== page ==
FROM Mikki Halpin
'Kony 2012' and Youth Activism In a week's time, the video Kony 2012 has jumped from zero to 76 million views on the Internet. Produced by a group called Invisible Children , its stated aim is to stop a brutal war lord named Joseph Kony and his “Lord's Resistance Army” from recruiting tens of thousands of Ugandan child soldiers to murder their parents and other civilians, creating havoc with no political purpose. The video promises that viewers can "change the world" by creating "awareness." We look at the source of the half-hour production's appeal and why it might be counter-productive.
Can a Viral Video Change the World? Kony 2012 went online just a week ago, and it's already chalked up 76 million views on You Tube, raising more than $10 million. Produced by a group called Invisible Children , it claims that widespread "awareness" can stop brutal Ugandan warlord Joseph Kony and his "Lord's Resistance Army" from kidnapping tens of thousands of children and turning them into soldiers, to murder their parents and other civilians and create havoc with no political purpose. Millions of young viewers are now focused on Central Africa, but some experts call it the wrong message at the wrong time. Why is Kony 2012 so appealing? How did it get so big so fast? Why do critics call "awareness campaigns" a form of "slacktivism?"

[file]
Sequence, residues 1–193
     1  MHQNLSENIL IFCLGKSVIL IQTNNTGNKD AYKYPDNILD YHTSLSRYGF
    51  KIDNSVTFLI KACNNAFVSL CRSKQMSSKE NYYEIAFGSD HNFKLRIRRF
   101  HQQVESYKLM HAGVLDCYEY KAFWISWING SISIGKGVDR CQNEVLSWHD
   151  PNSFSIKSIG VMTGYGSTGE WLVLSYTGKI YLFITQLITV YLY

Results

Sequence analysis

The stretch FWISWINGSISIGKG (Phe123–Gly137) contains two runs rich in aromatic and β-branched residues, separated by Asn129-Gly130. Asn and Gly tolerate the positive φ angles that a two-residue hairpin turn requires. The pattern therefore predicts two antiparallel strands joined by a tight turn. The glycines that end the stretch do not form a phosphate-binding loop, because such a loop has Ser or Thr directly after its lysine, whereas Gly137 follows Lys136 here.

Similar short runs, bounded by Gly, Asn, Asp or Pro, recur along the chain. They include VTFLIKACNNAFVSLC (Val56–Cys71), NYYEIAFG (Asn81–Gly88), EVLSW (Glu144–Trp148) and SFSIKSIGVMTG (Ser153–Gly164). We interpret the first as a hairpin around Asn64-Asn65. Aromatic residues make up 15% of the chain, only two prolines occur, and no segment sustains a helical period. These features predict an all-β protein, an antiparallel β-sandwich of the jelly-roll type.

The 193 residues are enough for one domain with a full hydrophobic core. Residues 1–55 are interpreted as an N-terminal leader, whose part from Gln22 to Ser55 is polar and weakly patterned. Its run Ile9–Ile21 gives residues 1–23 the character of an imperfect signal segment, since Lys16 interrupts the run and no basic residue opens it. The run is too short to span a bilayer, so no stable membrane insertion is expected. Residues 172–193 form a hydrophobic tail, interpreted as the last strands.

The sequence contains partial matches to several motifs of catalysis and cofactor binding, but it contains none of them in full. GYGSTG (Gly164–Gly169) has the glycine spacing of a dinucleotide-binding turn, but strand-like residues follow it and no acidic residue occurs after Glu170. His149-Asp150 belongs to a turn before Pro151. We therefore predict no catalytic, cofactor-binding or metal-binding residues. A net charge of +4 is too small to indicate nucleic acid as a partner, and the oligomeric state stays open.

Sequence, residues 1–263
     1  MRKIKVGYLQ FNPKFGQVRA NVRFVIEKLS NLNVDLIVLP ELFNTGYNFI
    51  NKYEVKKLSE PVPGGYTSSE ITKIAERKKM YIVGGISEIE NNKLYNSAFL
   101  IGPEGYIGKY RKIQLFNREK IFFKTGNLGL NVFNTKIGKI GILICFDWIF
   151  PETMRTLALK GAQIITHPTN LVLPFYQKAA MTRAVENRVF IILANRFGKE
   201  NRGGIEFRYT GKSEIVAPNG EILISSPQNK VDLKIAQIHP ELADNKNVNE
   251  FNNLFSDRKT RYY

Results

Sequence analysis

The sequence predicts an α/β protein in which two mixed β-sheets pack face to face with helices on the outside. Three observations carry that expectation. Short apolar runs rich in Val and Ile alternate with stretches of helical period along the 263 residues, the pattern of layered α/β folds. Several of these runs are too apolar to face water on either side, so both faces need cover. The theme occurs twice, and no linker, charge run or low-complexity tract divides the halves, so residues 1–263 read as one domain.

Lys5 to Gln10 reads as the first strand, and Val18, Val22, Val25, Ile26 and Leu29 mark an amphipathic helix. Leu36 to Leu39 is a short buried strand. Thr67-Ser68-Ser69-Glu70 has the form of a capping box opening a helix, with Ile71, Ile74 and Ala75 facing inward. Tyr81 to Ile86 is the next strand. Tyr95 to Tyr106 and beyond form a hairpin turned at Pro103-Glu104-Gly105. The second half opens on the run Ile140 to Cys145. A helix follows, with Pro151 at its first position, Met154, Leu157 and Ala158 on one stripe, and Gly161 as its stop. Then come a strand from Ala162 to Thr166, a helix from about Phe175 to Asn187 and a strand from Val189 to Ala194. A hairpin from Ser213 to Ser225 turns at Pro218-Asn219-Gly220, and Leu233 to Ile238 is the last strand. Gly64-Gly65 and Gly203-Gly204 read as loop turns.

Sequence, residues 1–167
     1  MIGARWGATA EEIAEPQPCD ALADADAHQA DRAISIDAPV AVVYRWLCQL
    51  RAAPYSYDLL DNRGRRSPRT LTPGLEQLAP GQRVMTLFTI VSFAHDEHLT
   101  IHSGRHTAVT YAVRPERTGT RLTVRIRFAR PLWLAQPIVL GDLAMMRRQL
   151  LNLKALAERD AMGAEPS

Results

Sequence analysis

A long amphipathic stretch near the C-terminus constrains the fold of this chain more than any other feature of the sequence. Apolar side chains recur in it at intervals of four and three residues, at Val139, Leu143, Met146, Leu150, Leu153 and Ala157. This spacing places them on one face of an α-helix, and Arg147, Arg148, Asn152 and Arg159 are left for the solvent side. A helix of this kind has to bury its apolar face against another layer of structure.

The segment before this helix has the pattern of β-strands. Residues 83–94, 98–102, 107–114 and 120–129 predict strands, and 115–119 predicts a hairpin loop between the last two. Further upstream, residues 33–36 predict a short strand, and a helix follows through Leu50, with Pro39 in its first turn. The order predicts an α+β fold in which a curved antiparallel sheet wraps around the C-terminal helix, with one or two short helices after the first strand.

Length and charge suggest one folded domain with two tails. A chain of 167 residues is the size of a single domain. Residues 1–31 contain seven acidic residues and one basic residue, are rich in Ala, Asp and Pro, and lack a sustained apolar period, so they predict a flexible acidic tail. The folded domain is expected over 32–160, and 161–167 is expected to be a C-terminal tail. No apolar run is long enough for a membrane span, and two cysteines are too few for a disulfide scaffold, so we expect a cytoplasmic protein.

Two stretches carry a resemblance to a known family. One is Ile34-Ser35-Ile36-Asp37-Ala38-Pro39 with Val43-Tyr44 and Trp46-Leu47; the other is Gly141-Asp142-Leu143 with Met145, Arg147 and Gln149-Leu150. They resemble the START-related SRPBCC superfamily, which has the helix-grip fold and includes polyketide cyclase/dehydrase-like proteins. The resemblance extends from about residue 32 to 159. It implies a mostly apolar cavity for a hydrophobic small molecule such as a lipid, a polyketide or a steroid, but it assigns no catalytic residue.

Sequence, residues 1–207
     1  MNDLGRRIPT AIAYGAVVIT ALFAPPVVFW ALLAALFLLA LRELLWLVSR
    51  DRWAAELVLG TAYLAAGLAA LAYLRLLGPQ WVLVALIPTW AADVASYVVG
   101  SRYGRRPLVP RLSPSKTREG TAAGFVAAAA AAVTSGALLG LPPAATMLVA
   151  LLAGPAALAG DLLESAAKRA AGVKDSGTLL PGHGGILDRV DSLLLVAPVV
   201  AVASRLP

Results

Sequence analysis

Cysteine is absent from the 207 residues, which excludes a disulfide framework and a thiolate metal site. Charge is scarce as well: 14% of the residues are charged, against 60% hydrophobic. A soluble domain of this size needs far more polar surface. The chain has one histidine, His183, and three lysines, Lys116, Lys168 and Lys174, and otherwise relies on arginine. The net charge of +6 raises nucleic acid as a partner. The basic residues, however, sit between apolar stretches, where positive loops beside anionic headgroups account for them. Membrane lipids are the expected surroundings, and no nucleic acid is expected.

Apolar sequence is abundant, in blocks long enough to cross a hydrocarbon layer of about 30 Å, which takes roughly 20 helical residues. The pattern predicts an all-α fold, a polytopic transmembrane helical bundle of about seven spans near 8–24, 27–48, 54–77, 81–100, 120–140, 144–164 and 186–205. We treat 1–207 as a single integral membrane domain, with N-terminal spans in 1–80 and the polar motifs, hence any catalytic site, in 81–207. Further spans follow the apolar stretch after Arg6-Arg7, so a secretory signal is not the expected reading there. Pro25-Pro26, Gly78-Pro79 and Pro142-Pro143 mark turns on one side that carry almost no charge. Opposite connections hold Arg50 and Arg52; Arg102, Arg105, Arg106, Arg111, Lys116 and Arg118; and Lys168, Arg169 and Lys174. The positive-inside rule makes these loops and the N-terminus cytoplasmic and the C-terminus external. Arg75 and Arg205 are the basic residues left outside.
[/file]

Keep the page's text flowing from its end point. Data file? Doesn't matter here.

Rhetoric and brinksmanship on the Korean Peninsula For 25 years, the US has viewed North Korea's nuclear program with increasing alarm. Now President Trump says this country has lost its "strategic patience." We hear what he's actually doing… and what might come next.
Will the march for science politicize objective research? Protesters are gathering all over the country for tomorrow's Earth Day March for Science. Since President Trump has proposed massive cuts in basic scientific research, will the movement be perceived as partisan politics — whether scientists themselves like it or not?
White House flip flops: NATO, Syria and China In less than 100 days, President Trump has contradicted himself on a host of foreign policy issues — Syria, NATO, China and Vladimir Putin’s Russia. Is it a strength — or a weakness — for the United States when the world of power politics never knows what to expect?